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Faith Moment
May 2, 2016
He Belongs to the Ages

You have heard that it was said,  ‘You shall love your neighbor and hate your enemy.’ But I say to you, Love your enemies and pray for those who persecute you, so that you may be sons of your Father who is in heaven. For he makes his sun rise on the evil and on the good, and sends rain on the just and on the unjust. For if you love those who love you, what reward do you have? Do not even the tax collectors do the same? And if you greet only your brothers, what more are you doing than others? Do not even the Gentiles do the same? You therefore must be perfect, as your heavenly Father is perfect.” Matthew 5:43-48

As a young, struggling attorney, Abraham Lincoln felt honored to be employed on an important case. The other attorneys chosen to represent the case were well known for their legal and persuasive expertise. However, one attorney, upon seeing Lincoln, remarked, “What is that gawky ape doing here? I refuse to work with him. Get rid of him.” Lincoln remained calm and pretended not to hear the deliberate insult.

As the trial proceeded, Lincoln was ostracized by the other lawyers. In fact, he was never recognized as one of the representing attorneys. He listened carefully to the court proceedings and observed his insulter’s masterful handling of the case. He won the case hands-down. The next day, Lincoln was quoted as saying, “His brilliant argument was a revelation to me. He was expertly prepared, fluent in his presentation, and undoubtedly the most professional questioning I have ever witnessed. I can’t hold a candle to his abilities. I am going home to study law all over again.”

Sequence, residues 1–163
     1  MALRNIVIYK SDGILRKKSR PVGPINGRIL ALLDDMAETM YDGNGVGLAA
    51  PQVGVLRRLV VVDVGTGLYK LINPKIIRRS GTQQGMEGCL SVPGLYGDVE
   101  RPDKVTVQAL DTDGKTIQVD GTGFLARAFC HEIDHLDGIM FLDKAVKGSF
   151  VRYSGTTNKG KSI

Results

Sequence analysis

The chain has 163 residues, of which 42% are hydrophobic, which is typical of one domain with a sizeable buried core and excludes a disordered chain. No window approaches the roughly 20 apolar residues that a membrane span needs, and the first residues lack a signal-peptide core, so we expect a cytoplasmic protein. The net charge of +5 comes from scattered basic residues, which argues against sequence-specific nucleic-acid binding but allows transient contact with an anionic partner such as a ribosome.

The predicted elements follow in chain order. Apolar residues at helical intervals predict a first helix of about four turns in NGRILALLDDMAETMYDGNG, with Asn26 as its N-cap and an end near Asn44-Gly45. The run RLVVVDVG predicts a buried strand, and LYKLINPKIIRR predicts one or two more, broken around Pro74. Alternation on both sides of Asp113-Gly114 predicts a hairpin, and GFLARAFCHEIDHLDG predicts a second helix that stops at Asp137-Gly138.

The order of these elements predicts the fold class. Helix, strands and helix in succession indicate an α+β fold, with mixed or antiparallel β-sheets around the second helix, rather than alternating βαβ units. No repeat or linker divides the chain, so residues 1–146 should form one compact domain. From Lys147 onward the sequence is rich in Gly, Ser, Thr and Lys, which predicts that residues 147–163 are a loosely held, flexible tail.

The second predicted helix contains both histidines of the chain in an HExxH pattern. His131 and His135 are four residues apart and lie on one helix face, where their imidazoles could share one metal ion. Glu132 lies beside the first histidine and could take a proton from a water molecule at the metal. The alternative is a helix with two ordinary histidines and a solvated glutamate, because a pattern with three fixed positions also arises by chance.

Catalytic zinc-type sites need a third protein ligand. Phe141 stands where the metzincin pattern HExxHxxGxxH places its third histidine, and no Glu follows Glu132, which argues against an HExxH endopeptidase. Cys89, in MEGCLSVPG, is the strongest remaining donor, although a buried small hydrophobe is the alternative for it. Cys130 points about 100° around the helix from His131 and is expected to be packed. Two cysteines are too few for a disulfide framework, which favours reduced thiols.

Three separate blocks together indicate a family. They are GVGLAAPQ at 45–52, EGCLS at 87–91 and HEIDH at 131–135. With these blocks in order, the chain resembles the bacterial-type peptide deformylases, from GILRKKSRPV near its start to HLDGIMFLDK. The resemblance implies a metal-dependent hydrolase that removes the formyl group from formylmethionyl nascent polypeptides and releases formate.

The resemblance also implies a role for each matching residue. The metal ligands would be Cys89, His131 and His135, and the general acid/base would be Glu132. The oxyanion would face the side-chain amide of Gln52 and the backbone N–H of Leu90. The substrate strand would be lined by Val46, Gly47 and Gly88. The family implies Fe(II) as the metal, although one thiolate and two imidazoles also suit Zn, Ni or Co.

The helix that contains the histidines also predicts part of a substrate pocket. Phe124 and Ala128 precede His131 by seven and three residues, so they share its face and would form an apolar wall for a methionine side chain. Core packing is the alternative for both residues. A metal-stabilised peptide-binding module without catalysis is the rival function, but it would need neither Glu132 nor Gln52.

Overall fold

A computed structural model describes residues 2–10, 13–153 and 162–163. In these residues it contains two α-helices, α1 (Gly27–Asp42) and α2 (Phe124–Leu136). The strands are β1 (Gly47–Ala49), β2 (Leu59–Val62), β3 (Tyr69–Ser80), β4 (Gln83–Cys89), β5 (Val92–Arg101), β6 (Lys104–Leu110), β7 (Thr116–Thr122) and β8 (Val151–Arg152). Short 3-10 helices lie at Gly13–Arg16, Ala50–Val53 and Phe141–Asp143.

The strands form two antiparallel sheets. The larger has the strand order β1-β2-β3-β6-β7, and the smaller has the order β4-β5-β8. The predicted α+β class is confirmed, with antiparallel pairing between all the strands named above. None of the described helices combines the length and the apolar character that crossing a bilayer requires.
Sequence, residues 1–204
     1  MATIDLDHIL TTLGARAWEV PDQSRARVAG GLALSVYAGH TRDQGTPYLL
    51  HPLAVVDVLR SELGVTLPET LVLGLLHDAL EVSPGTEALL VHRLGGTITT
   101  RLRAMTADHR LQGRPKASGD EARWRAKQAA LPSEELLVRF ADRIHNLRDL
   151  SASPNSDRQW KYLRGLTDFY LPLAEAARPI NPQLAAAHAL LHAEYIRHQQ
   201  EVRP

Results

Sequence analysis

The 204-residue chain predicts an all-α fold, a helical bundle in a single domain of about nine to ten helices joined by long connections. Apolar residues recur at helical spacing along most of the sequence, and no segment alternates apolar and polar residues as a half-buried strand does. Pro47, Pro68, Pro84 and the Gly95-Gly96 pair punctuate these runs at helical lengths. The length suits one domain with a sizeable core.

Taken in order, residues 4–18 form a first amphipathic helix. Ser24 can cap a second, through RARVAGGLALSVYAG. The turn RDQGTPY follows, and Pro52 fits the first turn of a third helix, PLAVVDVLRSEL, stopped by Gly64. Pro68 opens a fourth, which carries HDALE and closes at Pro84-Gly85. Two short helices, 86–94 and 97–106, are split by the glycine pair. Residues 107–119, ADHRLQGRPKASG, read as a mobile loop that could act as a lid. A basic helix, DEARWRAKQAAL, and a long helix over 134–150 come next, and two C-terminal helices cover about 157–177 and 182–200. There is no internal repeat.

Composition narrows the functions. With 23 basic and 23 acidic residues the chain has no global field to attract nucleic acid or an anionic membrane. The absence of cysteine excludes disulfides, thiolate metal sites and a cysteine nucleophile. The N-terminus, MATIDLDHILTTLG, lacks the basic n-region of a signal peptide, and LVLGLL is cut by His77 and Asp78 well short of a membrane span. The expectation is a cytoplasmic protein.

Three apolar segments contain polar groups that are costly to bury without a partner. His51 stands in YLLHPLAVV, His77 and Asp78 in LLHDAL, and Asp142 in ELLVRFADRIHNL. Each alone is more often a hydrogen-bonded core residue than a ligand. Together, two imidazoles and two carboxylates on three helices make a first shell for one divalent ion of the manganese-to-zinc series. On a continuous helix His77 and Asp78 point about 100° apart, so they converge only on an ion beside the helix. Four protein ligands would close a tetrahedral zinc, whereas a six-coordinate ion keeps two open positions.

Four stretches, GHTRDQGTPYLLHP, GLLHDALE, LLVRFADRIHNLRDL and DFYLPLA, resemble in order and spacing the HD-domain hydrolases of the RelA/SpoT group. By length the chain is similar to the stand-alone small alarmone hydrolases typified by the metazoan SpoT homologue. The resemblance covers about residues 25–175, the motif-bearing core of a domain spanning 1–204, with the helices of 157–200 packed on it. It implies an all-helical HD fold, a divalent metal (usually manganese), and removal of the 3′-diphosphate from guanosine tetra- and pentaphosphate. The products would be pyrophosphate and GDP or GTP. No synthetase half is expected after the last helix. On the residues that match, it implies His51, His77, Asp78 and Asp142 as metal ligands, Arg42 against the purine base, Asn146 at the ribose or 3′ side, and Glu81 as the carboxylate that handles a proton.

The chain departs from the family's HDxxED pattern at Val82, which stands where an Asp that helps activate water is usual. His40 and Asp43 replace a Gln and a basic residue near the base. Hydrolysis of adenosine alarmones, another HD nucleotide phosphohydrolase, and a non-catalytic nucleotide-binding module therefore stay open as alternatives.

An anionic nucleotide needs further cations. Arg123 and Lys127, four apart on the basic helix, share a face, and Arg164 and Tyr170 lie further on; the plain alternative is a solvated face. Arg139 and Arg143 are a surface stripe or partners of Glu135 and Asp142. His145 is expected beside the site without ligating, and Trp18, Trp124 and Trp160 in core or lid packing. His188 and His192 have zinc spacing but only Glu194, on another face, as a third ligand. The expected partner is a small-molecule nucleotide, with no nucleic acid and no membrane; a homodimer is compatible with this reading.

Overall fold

Years later, Abraham Lincoln became president of the United States. That same attorney who had rudely insulted Lincoln became his most outspoken critic. However, Lincoln never forgot the brilliance of this man. When an appointment was needed for secretary of war, Lincoln chose Edwin M. Stanton, the very man who had wounded and insulted him. Lincoln proved his character by offering a forgiving spirit rather than a lifetime grudge.

Shortly thereafter, an assassin’s bullet pierced Lincoln’s body. Stanton, filled with sorrow and inconsolable grief, sobbed, “Now he belongs to the ages!”

Lincoln’s ability to forgive those who wounded him and, further, to see value in them, was truly admirable. This ability exemplified Christ’s admonition to forgive and to even love those who harm us.


Too often, I see only evil in those who harm me. But no one is totally evil. Good exists in everyone. It takes “heavenly eyesight” to see it, but it is there.

I pray that I, like Lincoln, will be able to see the good in those who harm me. May God produce in me, the ability to truly love my enemies.

With love
Mike

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